V.K. You mentioned that you are concerned about the integrity of the glasses. What about other exhibits, do they often break?

No, you know, if they break, it usually happens by itself. Or a disk fails, or some other failure. There has never been a single case of vandalism in the history of the museum.

And on the whole, I look at it quite calmly. Well it happens not deliberately drop a mouse or something else. It’s no problem, nobody is safe from that. And the iron is repairable. And never scold for this, and certainly do not require financial compensation.

We don’t have “Don’t touch” signs, you can do anything, just don’t put your fingers in the sockets (laughs). You can ask questions and play with the computers. That’s what a museum is supposed to be. People need to be given an opportunity to feel what it was like 30 years ago.

V.K. Let’s talk about financing the museum. Have you ever thought about approaching Apple?

Apple is a strange company – they do not even support museums in their country. Although in America there are bigger collections and they have plenty of rarities. We use the Internet to talk to our colleagues and discuss various issues.

Now Apple is building a new campus, and collectors are preparing a petition to make a remembrance corner there. But they’re sticking to some corporate logic of their own. After all, when Jobs came back to Apple, they had a little museum there. He was very jealous of everything that had been done without him, especially under Scully. And he said that all this stuff should either be thrown out or given away to universities, “We’re not looking back-we’re looking to the future!” And that’s it, that’s the company’s policy, part of its DNA.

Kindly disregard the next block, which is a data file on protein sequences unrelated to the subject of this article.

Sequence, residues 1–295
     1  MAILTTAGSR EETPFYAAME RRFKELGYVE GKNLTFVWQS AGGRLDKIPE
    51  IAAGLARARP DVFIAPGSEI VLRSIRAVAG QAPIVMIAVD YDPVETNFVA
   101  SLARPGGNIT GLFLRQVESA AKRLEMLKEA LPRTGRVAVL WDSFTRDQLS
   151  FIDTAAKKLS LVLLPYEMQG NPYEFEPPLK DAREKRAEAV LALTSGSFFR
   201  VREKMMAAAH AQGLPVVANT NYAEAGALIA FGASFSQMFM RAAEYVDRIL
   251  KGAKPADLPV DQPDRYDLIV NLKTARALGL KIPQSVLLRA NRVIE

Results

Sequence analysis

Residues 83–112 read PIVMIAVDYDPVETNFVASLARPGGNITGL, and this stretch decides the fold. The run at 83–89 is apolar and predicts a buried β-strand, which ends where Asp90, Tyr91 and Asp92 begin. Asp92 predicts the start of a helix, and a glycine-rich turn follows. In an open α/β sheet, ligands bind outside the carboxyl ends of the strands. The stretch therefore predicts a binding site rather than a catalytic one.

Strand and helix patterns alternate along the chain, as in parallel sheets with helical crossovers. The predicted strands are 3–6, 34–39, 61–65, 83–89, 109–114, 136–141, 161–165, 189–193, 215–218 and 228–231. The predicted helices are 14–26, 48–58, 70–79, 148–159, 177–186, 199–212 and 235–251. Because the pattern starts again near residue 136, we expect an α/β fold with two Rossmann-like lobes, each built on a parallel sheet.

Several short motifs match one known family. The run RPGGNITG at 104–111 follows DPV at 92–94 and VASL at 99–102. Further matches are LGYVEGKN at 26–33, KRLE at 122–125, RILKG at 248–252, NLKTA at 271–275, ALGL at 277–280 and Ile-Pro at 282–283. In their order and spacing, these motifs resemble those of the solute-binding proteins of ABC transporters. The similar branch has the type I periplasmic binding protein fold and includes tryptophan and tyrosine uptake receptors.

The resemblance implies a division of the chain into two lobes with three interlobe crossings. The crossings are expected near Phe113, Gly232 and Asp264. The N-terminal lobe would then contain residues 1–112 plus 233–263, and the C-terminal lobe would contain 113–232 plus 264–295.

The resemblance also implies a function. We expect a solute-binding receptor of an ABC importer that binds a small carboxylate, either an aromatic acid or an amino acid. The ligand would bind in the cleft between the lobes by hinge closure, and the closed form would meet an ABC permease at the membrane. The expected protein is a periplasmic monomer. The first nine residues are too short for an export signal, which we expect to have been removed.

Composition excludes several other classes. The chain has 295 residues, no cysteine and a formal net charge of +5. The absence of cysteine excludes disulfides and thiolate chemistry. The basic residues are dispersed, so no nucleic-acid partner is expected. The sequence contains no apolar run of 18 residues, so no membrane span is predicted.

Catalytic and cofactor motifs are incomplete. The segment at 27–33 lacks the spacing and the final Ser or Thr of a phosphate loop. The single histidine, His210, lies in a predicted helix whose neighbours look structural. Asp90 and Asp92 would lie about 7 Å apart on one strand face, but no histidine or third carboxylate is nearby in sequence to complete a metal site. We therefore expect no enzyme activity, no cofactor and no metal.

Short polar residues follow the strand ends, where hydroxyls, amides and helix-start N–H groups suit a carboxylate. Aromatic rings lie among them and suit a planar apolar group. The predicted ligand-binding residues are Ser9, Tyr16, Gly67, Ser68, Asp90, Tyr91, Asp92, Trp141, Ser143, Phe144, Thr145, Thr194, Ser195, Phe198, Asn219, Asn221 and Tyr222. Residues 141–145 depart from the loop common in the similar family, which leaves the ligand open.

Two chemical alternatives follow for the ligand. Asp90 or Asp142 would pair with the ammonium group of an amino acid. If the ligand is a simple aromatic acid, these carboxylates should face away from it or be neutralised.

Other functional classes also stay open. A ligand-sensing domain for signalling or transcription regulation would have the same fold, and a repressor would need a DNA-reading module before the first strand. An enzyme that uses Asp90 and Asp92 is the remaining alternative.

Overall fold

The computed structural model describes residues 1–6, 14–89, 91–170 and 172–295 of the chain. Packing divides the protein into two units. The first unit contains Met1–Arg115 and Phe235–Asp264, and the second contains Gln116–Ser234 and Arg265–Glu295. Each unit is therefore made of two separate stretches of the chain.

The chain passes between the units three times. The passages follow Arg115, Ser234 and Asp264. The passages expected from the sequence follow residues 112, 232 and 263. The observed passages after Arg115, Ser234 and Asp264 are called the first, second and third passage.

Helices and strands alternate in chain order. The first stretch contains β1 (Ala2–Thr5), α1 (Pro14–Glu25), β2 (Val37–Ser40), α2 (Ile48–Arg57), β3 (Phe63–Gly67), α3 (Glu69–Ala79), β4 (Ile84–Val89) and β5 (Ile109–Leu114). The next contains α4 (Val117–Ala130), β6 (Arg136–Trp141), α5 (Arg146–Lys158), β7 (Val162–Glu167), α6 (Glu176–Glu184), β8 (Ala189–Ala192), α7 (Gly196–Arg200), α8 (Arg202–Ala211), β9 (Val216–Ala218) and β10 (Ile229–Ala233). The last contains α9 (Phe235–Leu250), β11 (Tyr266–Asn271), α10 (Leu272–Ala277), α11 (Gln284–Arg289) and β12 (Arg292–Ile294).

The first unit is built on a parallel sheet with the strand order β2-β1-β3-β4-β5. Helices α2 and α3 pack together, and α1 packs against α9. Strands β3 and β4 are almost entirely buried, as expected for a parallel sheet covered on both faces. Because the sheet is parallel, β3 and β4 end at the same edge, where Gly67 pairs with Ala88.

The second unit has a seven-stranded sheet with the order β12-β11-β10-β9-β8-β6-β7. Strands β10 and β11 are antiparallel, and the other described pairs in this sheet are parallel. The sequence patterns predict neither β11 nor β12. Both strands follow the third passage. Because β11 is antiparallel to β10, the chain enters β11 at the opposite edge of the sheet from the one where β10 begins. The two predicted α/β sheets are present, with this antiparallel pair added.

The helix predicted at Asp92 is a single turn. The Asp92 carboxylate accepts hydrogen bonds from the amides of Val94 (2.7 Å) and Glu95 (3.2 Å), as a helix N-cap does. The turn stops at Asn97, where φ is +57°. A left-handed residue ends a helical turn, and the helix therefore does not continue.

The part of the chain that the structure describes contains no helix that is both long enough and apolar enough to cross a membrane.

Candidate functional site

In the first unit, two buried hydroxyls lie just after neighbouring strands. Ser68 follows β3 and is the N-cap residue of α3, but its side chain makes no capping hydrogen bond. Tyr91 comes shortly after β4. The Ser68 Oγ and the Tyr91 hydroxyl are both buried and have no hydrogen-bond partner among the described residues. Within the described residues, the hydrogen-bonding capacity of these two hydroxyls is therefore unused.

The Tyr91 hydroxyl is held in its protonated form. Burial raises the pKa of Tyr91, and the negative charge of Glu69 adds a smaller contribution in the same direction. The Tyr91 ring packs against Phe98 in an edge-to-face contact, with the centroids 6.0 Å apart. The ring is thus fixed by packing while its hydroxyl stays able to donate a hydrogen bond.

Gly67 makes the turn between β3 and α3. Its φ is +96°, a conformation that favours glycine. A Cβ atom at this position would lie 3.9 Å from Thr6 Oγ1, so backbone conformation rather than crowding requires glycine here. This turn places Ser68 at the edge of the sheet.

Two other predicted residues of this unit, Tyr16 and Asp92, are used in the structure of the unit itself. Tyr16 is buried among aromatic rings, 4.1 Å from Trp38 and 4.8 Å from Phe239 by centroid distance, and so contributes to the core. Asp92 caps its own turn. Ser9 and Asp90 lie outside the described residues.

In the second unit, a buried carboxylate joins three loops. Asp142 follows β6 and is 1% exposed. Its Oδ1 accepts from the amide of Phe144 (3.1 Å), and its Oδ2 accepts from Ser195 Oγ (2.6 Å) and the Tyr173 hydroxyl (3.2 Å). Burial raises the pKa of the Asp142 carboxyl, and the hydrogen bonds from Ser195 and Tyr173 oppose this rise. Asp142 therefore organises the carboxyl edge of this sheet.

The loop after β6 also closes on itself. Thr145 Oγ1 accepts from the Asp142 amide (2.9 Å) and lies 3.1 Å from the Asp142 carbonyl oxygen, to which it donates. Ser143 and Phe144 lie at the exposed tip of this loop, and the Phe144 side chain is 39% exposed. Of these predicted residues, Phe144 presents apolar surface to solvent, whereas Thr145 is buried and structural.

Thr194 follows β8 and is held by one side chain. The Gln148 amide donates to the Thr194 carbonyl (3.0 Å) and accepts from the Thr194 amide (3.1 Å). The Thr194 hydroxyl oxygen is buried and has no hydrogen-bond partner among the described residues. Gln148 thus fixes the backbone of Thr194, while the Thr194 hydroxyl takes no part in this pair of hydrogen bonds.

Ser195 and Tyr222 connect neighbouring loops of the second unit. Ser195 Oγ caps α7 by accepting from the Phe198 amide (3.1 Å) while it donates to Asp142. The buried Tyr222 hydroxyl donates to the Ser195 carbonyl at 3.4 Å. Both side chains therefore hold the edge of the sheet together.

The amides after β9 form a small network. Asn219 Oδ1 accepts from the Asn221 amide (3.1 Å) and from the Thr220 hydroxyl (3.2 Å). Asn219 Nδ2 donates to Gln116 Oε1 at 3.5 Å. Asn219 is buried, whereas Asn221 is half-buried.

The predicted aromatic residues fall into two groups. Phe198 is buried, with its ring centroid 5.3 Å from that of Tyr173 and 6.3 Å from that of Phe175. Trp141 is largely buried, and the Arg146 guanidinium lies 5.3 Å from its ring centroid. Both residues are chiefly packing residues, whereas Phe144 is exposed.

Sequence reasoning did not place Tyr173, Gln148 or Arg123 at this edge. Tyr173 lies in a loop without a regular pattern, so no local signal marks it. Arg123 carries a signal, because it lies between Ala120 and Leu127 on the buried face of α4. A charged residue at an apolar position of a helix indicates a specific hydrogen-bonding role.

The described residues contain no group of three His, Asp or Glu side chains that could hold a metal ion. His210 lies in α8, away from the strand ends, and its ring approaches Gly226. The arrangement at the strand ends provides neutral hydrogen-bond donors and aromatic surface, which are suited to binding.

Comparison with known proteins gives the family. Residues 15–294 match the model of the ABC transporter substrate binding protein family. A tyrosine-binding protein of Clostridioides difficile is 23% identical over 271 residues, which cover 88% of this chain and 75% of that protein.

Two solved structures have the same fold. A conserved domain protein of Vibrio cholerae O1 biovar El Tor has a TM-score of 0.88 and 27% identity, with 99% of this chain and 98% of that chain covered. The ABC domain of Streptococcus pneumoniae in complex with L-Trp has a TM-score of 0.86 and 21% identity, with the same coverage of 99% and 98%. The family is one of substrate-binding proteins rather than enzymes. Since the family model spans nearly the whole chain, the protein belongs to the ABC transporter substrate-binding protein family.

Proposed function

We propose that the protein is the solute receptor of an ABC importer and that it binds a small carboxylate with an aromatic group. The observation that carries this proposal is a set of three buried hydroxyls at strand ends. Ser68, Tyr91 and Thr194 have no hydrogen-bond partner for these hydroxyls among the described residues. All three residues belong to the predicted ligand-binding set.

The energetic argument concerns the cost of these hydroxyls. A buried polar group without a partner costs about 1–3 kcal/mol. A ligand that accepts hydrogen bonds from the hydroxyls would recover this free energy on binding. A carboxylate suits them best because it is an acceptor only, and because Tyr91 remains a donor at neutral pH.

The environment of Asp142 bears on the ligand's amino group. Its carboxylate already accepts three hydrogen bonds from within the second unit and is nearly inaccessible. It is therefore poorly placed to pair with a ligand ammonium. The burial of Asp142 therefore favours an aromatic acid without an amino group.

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V.K. What is the format of the museum in general?

I know some collectors we have an interesting idea. One team has a large collection of Russian computers, about 150 copies, all in working order. Another has a huge collection of video sets from the 70s. And a third has an impressive collection of mobile technology.

We got together recently, and we discussed it. It would be great to make a big museum cluster.

V.K. Thank you for the interview, is there anything you would like to wish our readers?

Who does not know history, doomed to repeat the mistakes of the past. Go to museums.

As for, I can say: guys, try to use the potential that is in my museum. Now all the thematic resources look the same, the content is the same, and it’s banal that it becomes uninteresting to read. But I have a lot of literature which is not in the digital format and on which you can do very in-depth research. It will give exclusive material to a resource and will interest the reader, and I, in turn, will help to compile it.


After the interview, I was stuck for a long time at the shelves with magazines and books that reflect the history of a great company. In the pages of the books I found the most unique prototypes that Apple experimented with in the early 90s.

And this is just one of the prototypes. So I recommend anyone interested to visit the museum and see for themselves the experiments with navigation systems in 1990 – variants of laptops from the late 70’s, prototypes of wearable computers and much more. And most importantly, do not hesitate to ask Andrei questions. He’s easy to share his knowledge.

You can also get a chance to work behind some of the rarest Mac models, like the Twenty Anniversary Mac.

Right now the museum is in a difficult situation and needs our help. Funds from tours and souvenir sales aren’t enough to pay the rent on the space. Moving to another location, could potentially lead to geographic neglect and an even greater decrease in visitor traffic.

If you have an opportunity or thoughts on how to remedy the situation, please contact Andrew at . Thanks from the entire community of Apple fans!